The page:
Hongkongers eye deals in Greater Bay Area city Zhongshan, turn to the internet to buy property

By Sandy Li sandy.li@scmp.com / https://www.scmp.com/business/article/3097688/hongkongers-eye-deals-greater-bay-area-city-zhongshan-turn-internet-buy?utm_medium=partner&utm_campaign=contentexchange&utm_source=EdgeProp&utm_content=3097688 | August 25, 2020 12:06 PM SGT
Property investors from Hong Kong are not letting coronavirus social distancing measures and closed borders get in the way of a promising deal in the Greater Bay Area development zone.
Aiko Lo, in her mid 30s, and her husband recently bought a holiday home in Zhongshan, one of the nine mainland Chinese cities included in the zone, without leaving Hong Kong.
Held back by the coronavirus pandemic initially, they decided to explore new projects on the internet while stuck at home. Last month, they finally bought a 1,200 sq ft unit in Times Xianghai Bian, which has been built by Hong Kong-listed mainland Chinese developer Times China, online for HK$1.5 million (US$193,538) at the office of V+ Property, a small agency in Lai Chi Kok, in Kowloon.
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"We saw the health crisis is an opportunity to buy, as prices will rebound when the coronavirus is contained," Lo said.
Hong Kong investors spent about 40 billion yuan (US$5.7 billion) on homes in the development zone last year, an increase of 300 per cent from the 10 billion yuan they spent in 2018, according to Andy Lee Yiu-chi, the chief executive for southern China at Centaline Property Agency. Meanwhile, Zhongshan's home prices have fallen by about 15 per cent from a peak in August 2018 according to the property agency's Greater Bay price index. Interest in Greater Bay Area property will only rise once the pandemic is contained, analysts said.
"We have sold 100 units every month since launching online sales in May," said Stephen Sum, an investment consultant at V+ Property.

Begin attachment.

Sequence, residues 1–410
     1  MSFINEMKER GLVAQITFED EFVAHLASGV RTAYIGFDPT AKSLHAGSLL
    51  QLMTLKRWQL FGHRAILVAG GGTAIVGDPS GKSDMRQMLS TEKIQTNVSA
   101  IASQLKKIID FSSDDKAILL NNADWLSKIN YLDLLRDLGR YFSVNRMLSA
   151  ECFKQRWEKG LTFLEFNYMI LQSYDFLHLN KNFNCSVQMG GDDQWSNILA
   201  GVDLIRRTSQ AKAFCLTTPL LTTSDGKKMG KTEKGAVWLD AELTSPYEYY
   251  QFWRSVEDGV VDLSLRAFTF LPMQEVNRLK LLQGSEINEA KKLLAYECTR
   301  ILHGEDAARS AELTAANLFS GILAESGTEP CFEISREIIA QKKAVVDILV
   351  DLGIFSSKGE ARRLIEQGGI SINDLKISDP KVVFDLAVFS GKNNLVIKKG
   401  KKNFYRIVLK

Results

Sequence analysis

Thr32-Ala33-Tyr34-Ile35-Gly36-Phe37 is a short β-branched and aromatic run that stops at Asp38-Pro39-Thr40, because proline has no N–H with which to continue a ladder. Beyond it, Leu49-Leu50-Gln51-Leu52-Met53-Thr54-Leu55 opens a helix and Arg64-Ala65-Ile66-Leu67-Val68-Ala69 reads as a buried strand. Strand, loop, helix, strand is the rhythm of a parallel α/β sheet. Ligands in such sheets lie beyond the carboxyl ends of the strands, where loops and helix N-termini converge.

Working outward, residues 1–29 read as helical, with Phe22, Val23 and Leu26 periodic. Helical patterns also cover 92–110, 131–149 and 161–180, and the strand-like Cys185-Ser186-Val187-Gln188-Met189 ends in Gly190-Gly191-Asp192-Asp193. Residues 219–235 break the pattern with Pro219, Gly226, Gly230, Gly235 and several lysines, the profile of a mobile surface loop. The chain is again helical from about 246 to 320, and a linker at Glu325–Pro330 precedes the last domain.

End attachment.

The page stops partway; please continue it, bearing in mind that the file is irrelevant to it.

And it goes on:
The agency, which focuses on selling property in the development zone to Hong Kong buyers, has been rescued by the online sales. "At the height of the pandemic in March, our transactions were close to zero. It has been an extremely painful time for our business," Sum said.
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The online purchase of property is becoming more common in mainland China. "I saw investors from Shanghai buy homes in Zhuhai via the internet, and thought, why not copy this model in Hong Kong? Sum said. The agency's clients have so far been focusing on homes worth between HK$1 million and HK$3 million in the cities of Zhongshan, Zhuhai, Huizhou and Foshan.
Centaline China, Centaline's mainland unit, which is the largest agency selling mainland Chinese homes to Hong Kong investors, on the other hand, said it was "immature" to launch an online sales channel, as the sales were not significant.
"We have everything ready for when online sales of homes in China become popular in Hong Kong. We have the software for signing deals online ready. But it is still immature to launch this channel, as the number of such transactions is insignificant," Sherman Lai, Centaline China's chairman, said. The agency has 700 outlets in the nine mainland Greater Bay Area cities, and accounted for about 17 per cent of the 1.43 trillion yuan in home sales recorded last year.
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Currently, most Hong Kong investors use the internet for research purposes only, and the agency was posting details of mainland projects on its website to draw these potential buyers, Lai said.
The agency will step up efforts to promote Greater Bay Area property once the pandemic recedes. "We are marketing close to 1,000 new projects in China, but are only offering a small number in Hong Kong. We will, however, increase our sales to tap the growing demand from Hongkongers," he said.
The project Lo and her husband invested in is about 90 minutes from Hong Kong via the Hong Kong-Zhuhai-Macau Bridge and might be delivered as early as this month.
"We selected the flat via video - a V+ Property agent in Zhongshan showed us the actual unit from different angles, as well as facilities such as the club house and the locality. We decided to buy the apartment after feeling satisfied by the project's quality, its location and, more importantly, its price," Lo said.
She paid for the flat through a mainland bank account. "We signed the documents in front of a lawyer representing the developer in Zhongshan via a video call. The whole deal was done online," she said, adding that the developer sent them the contract by speed post.
This article originally appeared in the South China Morning Post (SCMP), the most authoritative voice reporting on China and Asia for more than a century. For more SCMP stories, please explore the SCMP app or visit the SCMP's Facebook and Twitter pages. Copyright © 2020 South China Morning Post Publishers Ltd. All rights reserved.
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